Obama seeks January gun law
US president Barack Obama has promised to deliver proposals for tightening gun laws and curbing violence by next month, declaring the time for action was overdue after the massacre of children at a Connecticut primary school.
Even before the proposals are drafted, the US president pressed politicians to reinstate a ban on military-style assault weapons, close loopholes that allow gun buyers to skirt background checks and restrict high-capacity ammunition clips.
“The fact that this problem is complex can no longer be an excuse for doing nothing,” Mr Obama said in his most detailed comments on guns since last Friday’s killing of 20 children and six adults at Sandy Hook Elementary School in Newtown. “The fact that we can’t prevent every act of violence doesn’t mean we can’t steadily reduce the violence.”
Gun control measures have faced fierce resistance in Congress for years but that may be changing now because of last week’s violence.
Since then, Mr Obama has signalled for the first time in his presidency that he is willing to spend political capital on the issue and some prominent gun-rights advocates in Congress - Democrats and Republicans alike - have expressed willingness to consider new measures.
Still, given the long history of opposition to tighter gun laws, there is no certainty the legislation Mr Obama backed yesterday or the proposals he will send to Congress next month will become law.
Many Americans consider arms ownership a cherished freedom and have been outspoken in their opposition to tighter gun laws.
The Arizona Citizens Defence League, a group that lobbies for pro-gun state legislation, said guns should be allowed in Arizona schools to provide protection against shootings such as the one in Connecticut.
Some conservative politicians elsewhere in the country have echoed that view.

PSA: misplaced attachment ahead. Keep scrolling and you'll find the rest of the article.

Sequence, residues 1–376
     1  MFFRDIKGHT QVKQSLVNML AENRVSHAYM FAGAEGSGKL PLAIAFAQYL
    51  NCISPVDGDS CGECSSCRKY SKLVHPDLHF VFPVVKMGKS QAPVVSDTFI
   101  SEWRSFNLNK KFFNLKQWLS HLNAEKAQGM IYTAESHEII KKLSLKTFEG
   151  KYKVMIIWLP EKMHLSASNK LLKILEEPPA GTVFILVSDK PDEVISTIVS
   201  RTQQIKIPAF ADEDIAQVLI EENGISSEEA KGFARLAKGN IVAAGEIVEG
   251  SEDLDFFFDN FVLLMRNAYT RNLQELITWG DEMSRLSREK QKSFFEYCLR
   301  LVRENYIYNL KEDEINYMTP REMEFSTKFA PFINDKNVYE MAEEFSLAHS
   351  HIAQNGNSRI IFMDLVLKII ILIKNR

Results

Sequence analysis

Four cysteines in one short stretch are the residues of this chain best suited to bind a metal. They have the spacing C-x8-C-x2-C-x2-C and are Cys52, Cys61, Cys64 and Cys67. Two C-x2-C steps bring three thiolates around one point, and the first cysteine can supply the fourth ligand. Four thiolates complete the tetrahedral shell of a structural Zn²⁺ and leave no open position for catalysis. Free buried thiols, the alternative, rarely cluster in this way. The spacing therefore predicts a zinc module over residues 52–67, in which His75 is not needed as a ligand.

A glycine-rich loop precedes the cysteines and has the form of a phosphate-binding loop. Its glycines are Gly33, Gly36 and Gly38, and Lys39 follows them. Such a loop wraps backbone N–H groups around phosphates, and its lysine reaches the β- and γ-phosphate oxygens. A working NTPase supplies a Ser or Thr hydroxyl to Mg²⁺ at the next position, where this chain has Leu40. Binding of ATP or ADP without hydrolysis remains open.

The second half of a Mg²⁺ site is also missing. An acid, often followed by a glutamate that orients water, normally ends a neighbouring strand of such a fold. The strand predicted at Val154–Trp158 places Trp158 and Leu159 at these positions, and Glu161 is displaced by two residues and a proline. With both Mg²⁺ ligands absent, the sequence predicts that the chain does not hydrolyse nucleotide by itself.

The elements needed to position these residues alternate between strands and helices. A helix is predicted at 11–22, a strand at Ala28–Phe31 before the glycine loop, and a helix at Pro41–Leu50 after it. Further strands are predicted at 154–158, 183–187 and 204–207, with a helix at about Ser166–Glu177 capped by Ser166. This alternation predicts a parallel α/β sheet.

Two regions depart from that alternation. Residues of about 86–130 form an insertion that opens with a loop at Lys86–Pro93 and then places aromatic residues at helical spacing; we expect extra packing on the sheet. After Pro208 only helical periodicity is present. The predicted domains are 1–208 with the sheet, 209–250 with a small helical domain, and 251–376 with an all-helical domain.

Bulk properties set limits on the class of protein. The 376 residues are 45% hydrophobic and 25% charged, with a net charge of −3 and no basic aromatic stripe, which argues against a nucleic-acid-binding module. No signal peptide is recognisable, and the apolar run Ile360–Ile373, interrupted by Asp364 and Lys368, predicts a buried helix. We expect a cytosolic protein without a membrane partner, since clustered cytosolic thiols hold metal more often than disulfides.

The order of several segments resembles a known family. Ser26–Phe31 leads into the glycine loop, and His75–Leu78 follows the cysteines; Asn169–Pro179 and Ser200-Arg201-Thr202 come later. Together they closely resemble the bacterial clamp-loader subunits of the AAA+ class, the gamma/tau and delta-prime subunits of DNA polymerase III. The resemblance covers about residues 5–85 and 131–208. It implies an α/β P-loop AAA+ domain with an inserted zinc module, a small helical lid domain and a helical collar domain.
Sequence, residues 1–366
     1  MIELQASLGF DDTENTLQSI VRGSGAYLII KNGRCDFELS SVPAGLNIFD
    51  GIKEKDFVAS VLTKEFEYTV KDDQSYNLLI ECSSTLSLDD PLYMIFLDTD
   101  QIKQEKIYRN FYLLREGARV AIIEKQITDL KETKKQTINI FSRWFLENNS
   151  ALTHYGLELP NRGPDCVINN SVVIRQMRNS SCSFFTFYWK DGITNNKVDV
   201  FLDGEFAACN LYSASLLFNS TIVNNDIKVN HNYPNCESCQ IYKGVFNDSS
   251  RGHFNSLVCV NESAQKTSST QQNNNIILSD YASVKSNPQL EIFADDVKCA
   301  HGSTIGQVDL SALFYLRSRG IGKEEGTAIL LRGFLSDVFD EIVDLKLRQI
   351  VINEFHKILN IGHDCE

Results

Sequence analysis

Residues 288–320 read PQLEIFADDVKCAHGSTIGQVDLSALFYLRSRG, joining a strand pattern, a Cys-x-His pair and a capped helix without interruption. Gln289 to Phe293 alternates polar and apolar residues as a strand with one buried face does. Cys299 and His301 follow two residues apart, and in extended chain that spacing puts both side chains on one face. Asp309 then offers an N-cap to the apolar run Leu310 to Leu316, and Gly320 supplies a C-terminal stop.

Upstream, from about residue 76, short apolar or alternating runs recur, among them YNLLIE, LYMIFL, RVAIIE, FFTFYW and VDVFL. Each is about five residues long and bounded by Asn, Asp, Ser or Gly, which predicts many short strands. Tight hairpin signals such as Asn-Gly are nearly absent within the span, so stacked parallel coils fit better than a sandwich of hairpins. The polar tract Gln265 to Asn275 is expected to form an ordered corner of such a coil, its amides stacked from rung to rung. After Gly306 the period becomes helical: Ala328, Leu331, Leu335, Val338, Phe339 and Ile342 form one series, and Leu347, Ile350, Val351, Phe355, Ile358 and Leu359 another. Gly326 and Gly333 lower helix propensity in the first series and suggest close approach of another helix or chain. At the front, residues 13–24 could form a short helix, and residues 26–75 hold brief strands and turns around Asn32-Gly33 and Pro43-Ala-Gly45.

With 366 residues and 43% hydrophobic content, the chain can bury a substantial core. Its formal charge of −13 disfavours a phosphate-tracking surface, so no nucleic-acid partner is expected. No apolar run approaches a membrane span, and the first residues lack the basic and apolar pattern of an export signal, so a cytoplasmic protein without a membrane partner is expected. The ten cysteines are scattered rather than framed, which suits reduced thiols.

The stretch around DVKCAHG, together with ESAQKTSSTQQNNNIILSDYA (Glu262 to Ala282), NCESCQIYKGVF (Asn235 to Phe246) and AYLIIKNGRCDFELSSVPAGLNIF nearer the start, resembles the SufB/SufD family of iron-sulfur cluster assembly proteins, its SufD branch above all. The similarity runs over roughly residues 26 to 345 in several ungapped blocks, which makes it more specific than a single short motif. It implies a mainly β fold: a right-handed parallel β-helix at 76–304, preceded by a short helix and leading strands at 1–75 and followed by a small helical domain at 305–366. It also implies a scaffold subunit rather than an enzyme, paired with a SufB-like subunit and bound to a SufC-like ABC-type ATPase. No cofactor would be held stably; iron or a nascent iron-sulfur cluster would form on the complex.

Mr Obama tasked Vice President Joe Biden, a long-time gun control advocate, with overseeing the administration-wide process to create those proposals. Beyond firearms’ restrictions, officials will also look for ways to increase mental health resources and consider steps to keep society from glamourising guns and violence.
Mr Biden will start his discussions today when he meets law enforcement officers from around the country.
Mr Obama’s January deadline underscores the desire among White House officials to respond swiftly to the Newtown shooting. Obama aides worry that as the shock of the shooting fades, so too, will the prospects that pro-gun politicians will work with the White House to tighten restrictions.
“I would hope that our memories aren’t so short that what we saw in Newtown isn’t lingering with us, that we don’t remain passionate about it only a month later,” the president said.
In Newtown, mourners overlapped at back-to-back funerals that started on Monday and will continue all week. A seven-year-old boy who had dreamed of being a firefighter and a heroic first-grade teacher who died while trying to shield students from the carnage were among latest victims laid to rest.
And in what has become a dark rite of passage in America, survivors of a 2005 school shooting that killed 10, including the gunman, on an Indian reservation in Minnesota travelled to Connecticut to offer comfort to the community.